Opinion 16-16

January 28, 2016


Digest:         A judge who presided over two related civil actions may preside over the losing party’s subsequent malpractice action against its former counsel, only if the judge believes he/she can be fair and impartial.


Rules:          Judiciary Law § 14; 22 NYCRR 100.2; 100.2(A); 100.3(E)(1); 100.3(E)(1)(a)(i), (ii); 100.3(E)(1)(a)-(f); 100.3(F); Opinions 14-121; 12-78; 10-38; 00-10; People v Moreno, 70 NY2d 403 (1987).



         The inquiring full-time judge presided over a lengthy landlord-tenant trial and a related ejectment suit. He/she decided both cases for the landlord, and the ejectment action was affirmed on appeal. The judge now presides over the tenant’s malpractice action against its former counsel. The tenant moved to disqualify the judge from the malpractice case, based only on claims related to the prior actions which appear to have little, if any, relevance to the malpractice action.1 Although he/she admittedly has “knowledge of the underlying case based upon [his/her] judicial duties,” the judge avers the allegations are otherwise unfounded and denies he/she has any personal bias, relationship to, or prejudice against the parties or properties in the prior actions. The judge believes he/she can remain fair and impartial in the malpractice case, but asks if recusal is nonetheless required.

         A judge must always avoid even the appearance of impropriety (see 22 NYCRR 100.2) and must always promote public confidence in the judiciary’s integrity and impartiality (see 22 NYCRR 100.2[A]). A judge must disqualify him/herself in a case where his/her impartiality might reasonably be questioned (see 22 NYCRR 100.3[E][1]) or in other circumstances a rule or law requires(see generally id.; Judiciary Law § 14). For example, a judge must disqualify him/herself if “the judge has personal bias or prejudice concerning a party or” if he/she “has personal knowledge of disputed evidentiary facts” (22 NYCRR 100.3[E][1][a][i], [ii]). However, where a rule or law does not mandate disqualification, the judge “is the sole arbiter of recusal” (People v. Moreno, 70 NY2d 403, 405 [1987]).

         The Committee has previously advised disqualification is not mandated simply because one party files a complaint against the judge, provided he/she can be fair and impartial (see Opinions 14-121 [party appearing before the judge earlier filed a complaint against him/her with a government agency]; 10-38 [judge received written notice from the Commission that a party filed a complaint]; 00-10 [a defendant in a pending criminal action filed complaints against the judge with law enforcement authorities]). The Committee noted that “any rule requiring disqualification automatically whenever a litigant chooses to file a lawsuit, disciplinary complaint, or lien against a judge could enable disgruntled litigants to engage in ‘judge shopping’” (Opinion 14-121).2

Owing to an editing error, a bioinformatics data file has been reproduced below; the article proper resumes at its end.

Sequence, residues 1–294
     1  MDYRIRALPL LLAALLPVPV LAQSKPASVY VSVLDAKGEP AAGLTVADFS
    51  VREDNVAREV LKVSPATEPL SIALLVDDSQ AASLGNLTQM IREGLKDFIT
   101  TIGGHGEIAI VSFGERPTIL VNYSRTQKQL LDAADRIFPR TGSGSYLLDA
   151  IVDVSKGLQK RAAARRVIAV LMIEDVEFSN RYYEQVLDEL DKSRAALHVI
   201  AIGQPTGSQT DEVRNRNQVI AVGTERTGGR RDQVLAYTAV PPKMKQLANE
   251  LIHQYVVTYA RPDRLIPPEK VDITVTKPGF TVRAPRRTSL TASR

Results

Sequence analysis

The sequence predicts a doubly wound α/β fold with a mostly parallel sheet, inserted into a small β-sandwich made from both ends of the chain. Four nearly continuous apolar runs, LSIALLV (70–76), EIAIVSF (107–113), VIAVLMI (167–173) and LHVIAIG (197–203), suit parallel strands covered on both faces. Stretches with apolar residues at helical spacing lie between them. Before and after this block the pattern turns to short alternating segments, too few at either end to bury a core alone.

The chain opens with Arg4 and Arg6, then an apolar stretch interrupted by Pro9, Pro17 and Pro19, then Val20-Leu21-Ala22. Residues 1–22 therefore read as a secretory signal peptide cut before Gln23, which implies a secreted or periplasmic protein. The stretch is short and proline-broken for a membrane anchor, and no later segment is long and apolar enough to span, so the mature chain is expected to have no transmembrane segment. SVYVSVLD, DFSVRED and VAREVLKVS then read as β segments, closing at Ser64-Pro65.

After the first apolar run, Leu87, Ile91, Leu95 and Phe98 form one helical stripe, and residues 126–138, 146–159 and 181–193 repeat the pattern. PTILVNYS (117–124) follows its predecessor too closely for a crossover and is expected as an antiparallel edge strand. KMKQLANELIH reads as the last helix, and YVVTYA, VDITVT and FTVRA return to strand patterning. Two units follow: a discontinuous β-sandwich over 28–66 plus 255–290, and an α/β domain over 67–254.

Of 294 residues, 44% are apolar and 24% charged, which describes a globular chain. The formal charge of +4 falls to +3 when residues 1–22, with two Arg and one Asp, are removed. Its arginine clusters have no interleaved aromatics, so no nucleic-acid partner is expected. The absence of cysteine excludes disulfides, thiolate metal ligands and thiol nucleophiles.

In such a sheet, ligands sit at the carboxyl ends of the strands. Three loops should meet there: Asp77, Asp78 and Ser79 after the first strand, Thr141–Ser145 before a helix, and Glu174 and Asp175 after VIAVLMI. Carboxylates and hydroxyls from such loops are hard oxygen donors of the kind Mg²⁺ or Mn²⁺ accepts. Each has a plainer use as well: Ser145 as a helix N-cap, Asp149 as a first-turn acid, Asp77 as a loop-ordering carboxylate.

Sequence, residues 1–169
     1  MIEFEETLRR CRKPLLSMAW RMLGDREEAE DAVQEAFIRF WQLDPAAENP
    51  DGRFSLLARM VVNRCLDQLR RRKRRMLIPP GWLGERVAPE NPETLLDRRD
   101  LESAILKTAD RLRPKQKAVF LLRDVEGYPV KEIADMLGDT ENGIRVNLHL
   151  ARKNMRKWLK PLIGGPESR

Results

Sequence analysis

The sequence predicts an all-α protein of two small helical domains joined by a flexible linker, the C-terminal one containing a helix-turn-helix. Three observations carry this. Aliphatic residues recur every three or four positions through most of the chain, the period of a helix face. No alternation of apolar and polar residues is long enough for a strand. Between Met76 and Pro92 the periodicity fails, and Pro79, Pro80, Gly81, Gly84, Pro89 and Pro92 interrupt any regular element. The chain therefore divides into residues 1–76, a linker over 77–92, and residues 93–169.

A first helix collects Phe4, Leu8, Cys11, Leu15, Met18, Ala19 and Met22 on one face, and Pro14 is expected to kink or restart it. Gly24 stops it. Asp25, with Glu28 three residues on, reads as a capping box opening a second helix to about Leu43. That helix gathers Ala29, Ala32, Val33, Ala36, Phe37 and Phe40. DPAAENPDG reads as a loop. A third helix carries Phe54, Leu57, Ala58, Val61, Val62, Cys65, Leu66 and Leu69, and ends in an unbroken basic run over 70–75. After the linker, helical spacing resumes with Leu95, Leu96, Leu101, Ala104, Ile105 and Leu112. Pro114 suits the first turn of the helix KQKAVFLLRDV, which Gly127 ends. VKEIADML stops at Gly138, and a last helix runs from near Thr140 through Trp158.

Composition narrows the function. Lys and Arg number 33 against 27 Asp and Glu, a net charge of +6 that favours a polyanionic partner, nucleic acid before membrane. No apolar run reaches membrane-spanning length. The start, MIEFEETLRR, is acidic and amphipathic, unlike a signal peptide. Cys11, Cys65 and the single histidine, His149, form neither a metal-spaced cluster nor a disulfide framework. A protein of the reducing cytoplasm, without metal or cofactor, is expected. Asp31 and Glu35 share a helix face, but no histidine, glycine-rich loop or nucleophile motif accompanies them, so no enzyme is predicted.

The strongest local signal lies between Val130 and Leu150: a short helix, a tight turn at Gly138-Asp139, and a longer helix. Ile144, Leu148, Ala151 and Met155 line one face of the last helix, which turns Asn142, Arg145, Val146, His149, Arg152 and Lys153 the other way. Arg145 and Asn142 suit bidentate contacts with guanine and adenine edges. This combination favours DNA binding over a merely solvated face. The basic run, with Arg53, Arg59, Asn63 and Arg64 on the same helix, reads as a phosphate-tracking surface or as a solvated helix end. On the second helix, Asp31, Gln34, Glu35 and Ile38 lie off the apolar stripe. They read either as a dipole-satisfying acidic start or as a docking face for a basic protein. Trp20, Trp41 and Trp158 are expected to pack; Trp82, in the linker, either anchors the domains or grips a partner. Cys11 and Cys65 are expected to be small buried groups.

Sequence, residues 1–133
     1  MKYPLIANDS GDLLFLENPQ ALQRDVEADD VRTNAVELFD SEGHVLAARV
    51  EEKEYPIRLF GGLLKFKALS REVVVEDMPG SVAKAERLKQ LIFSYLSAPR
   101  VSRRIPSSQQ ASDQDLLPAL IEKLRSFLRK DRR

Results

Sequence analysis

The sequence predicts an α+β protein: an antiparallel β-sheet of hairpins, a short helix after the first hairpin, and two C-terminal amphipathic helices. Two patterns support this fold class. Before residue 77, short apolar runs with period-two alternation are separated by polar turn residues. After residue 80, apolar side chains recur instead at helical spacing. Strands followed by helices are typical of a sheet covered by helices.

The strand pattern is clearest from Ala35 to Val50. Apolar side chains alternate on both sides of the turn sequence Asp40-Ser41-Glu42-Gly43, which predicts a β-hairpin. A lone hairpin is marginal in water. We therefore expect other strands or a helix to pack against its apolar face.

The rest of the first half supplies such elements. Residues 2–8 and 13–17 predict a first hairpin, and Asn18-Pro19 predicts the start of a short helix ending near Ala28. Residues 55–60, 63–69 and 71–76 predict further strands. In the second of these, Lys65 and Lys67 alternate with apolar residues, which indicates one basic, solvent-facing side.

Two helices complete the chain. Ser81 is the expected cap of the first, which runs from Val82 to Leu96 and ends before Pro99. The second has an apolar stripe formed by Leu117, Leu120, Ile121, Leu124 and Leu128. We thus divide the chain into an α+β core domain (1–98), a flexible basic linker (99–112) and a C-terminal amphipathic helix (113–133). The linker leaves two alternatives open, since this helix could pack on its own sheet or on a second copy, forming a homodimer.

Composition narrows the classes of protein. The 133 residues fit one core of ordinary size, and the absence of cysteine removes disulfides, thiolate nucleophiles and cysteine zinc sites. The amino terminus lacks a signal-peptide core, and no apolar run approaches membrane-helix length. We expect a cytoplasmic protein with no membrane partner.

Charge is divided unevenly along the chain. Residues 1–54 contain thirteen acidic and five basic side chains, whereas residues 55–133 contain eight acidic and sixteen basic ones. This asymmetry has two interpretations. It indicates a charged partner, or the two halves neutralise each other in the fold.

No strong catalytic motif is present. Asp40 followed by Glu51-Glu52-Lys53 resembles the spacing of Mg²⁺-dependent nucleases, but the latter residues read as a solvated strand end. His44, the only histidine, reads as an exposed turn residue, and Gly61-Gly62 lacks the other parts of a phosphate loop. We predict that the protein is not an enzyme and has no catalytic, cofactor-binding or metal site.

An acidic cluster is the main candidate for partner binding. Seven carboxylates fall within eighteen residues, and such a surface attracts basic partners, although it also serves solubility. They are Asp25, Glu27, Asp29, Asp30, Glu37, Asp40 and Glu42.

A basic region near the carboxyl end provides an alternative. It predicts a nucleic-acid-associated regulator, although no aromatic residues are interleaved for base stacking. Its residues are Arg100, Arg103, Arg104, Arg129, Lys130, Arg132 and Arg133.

Here, the losing party in two civil actions before the inquiring judge is now, apparently for the first time, accusing him/her of partiality in the two actions. Strangely, the litigant has done so in a malpractice action against its former counsel, even though the alleged conflicts involve individuals unlikely to appear in the malpractice action and properties not at issue in that malpractice case. Critically, any knowledge the judge may have about the malpractice allegations comes solely from his/her adjudicatory duties in the prior civil actions (see Moreno, 70 NY2d at 405; Opinion 12-78 [“there is no per se requirement for disqualification where a judge only learned facts about a matter in a judicial capacity”]).

         On these facts, the Committee finds the judge’s impartiality cannot reasonably be questioned (see 22 NYCRR 100.[E][1]), and the judge’s disqualification is “within the personal conscience of the court” (Moreno, 70 NY2d at 405; see 22 NYCRR 100.[E][1][a]-[f]; Judiciary Law § 14). To hold otherwise would open a door to “judge shopping” and “only encourage and embolden imitators” (Opinion 14-121).

         Accordingly, this judge, who previously presided over two related civil actions, may also preside over the losing party’s malpractice action against its former counsel, provided the judge believes he/she can be fair and impartial.


    1 The tenant complains that certain unfavorable rulings “exhibited bias and hostility” or “were against the ‘weight of the credible evidence’”; alleges that the judge is related within the fourth degree to an individual who was not, to the judge’s knowledge, involved in the prior actions (and is unlikely to appear in the malpractice action); and also asserts the judge had certain personal financial interests in the prior actions. If the litigant believes these allegations are true and relevant, the litigant may, to the extent legally permitted, raise them in an appropriate forum.

    2 Disqualification is not required until and unless the Commission on Judicial Conduct formally charges the judge with misconduct (see e.g. Opinion 10-38).